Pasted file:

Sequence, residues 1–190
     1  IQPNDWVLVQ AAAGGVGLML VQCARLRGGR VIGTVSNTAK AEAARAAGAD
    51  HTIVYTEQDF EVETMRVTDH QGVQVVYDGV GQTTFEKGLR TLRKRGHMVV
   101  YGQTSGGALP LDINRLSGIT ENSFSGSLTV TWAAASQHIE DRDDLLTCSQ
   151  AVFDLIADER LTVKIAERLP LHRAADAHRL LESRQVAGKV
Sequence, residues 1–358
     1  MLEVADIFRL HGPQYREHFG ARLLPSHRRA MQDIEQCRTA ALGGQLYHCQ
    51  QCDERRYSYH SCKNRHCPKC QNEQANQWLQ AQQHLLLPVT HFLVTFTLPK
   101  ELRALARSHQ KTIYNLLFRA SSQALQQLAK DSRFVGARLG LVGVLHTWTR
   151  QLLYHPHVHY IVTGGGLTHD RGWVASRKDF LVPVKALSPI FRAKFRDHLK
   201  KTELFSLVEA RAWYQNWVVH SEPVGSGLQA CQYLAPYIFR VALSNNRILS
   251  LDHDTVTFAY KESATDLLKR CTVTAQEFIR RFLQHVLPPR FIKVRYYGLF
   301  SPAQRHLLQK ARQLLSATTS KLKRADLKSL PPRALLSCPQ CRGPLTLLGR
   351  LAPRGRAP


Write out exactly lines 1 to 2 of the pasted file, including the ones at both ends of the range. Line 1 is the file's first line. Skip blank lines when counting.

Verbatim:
Sequence, residues 1–190
     1  IQPNDWVLVQ AAAGGVGLML VQCARLRGGR VIGTVSNTAK AEAARAAGAD